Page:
Sunday, June 3, 2012

Mega-City Masters 01

(Reprints Judge Dredd stories from 2000 AD Progs 130, 205, 342, 374-375, 435, 456, 472-475, 577, 585, 640, 1012-1013, 1194, 1214, 1240, 1320 and 1600-1603, Judge Dredd Megazine #1.14, 1.18 and 280-281, 2000 AD Annual 1982 and 1989, and 2000 AD Sci-Fi Special 1983)

The first Mega-City Masters collection was one of the inaugural volumes of the Simon & Schuster-published 2000 AD line, presented as a potential starting point for Judge Dredd for American readers. One approach to an introduction, obviously, would have been to start at the beginning (and, as I recall, the U.S. edition of Complete Case Files 1 came out around the same time). But Dredd isn't one of those projects like Y: The Last Man or The Walking Dead where everything's lined up and ready to go on page one. It takes a while to get up to speed, and the curve is even steeper for someone unused to the particular rhythms of British comics from the '70s.

Another way of introducing a long-running series to a new audience is to showcase a particular star creator, which is effectively what the DC reprint line a few years earlier tried to do with Dredd Vs. Death (which collected a bunch of Brian Bolland-drawn episodes) and Judgement Day (as far as Americans were concerned, Garth Ennis was the next biggest marquee name who'd contributed a lot to the catalogue). The "let's ease 'em in with Bolland" technique, actually, has also been adopted by Eagle Comics (back in the early '80s) and by IDW's forthcoming collection.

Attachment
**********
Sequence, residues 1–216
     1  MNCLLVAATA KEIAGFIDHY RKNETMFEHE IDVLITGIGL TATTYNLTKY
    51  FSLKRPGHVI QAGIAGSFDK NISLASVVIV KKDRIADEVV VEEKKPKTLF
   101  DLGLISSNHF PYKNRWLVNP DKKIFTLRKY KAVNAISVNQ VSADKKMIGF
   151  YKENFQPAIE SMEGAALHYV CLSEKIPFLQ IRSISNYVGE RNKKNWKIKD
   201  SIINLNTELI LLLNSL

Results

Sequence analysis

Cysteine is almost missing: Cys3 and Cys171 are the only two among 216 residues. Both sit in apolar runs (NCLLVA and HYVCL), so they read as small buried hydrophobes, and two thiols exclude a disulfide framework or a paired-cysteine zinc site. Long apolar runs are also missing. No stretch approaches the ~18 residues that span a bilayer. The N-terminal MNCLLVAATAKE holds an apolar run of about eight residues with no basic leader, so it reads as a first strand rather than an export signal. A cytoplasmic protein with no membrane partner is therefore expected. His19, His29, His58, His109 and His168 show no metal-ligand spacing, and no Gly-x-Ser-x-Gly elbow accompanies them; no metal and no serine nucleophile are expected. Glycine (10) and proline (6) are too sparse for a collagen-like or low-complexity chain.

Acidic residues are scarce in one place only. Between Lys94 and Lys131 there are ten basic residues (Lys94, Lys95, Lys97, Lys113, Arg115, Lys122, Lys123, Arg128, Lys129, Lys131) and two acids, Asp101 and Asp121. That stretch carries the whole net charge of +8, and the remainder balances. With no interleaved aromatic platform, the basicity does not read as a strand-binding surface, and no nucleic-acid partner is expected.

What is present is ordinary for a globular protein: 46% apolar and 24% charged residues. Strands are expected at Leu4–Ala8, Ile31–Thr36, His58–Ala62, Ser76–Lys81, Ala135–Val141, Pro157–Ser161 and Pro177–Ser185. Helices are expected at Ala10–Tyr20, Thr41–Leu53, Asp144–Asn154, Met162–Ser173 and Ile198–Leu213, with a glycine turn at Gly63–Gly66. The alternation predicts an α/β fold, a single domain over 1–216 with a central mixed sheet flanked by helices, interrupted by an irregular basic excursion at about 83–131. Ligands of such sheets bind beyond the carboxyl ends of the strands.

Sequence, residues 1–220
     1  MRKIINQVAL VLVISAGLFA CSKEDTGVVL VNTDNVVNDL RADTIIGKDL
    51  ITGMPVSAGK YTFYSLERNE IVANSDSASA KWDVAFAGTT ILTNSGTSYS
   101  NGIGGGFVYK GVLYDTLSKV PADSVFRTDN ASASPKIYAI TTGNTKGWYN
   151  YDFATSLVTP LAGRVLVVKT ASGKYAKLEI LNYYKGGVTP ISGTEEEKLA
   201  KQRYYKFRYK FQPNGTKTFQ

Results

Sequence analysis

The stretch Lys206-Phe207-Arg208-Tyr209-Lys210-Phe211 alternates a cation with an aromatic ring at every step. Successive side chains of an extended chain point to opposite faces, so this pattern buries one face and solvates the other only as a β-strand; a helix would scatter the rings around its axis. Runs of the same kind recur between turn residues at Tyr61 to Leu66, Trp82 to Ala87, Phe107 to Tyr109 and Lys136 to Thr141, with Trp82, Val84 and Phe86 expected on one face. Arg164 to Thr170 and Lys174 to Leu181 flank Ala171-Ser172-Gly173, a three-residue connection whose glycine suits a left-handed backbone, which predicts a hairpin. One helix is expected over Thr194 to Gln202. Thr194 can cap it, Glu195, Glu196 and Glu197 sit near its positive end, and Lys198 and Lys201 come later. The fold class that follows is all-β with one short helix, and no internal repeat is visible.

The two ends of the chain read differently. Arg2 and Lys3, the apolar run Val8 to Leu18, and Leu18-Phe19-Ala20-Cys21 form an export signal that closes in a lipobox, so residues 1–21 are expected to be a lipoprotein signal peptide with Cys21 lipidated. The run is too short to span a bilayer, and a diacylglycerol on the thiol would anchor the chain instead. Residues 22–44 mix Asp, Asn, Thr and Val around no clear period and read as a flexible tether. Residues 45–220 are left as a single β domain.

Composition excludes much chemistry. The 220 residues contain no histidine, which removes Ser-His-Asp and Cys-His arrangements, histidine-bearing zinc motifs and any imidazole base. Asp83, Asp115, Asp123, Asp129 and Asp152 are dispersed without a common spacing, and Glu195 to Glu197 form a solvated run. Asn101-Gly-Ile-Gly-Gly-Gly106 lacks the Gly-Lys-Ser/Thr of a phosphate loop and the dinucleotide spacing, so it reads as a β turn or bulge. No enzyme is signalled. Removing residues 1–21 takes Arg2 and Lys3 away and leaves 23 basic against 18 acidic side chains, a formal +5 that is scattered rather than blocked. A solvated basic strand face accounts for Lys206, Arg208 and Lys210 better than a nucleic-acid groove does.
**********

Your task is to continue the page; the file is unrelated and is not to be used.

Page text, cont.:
A third approach might have been to assemble some kind of greatest-hits collection, with some of the best-loved episodes; that worked decently for The Spirit a few years ago. (Prion Books even put together a volume called The Best of Judge Dredd some time back, although it's very strangely weighted: a ton of material from the first four years, then the first two P.J. Maybe stories, "America," a long leap forward for "Mrs. Gunderson's Little Adventure," and finally four episodes of "Origins.") The obvious difficulty with that idea is that a lot of the best Dredd stories are either really long or context-heavy or both. Even if you're not going to shoehorn all of "Necropolis" into an anthology, you can't just drop "Letter from a Democrat" or "Leaving Rowdy" or "Tea for Two" on a new reader and leave it at that.

The solution arrived at here is a combination of angles two and three. Mega-City Masters 01 is an overview of about thirty years' worth of short stories, all but one of them one or two episodes long, drawn by artists who mostly have some degree of American name recognition. So, beneath a cover by Tim Bradstreet that looks exactly like his Punisher covers (couldn't he have at least tried to come up with a background that looked more like Mega-City One's architecture than like a 20th-century bridge?), we get stories drawn by the guy who drew Watchmen, the guy who drew Preacher, the guy who drew The Killing Joke, the guy who drew X-Men, the guy who drew The League of Extraordinary Gentlemen, the guy who colored Watchmen, etc.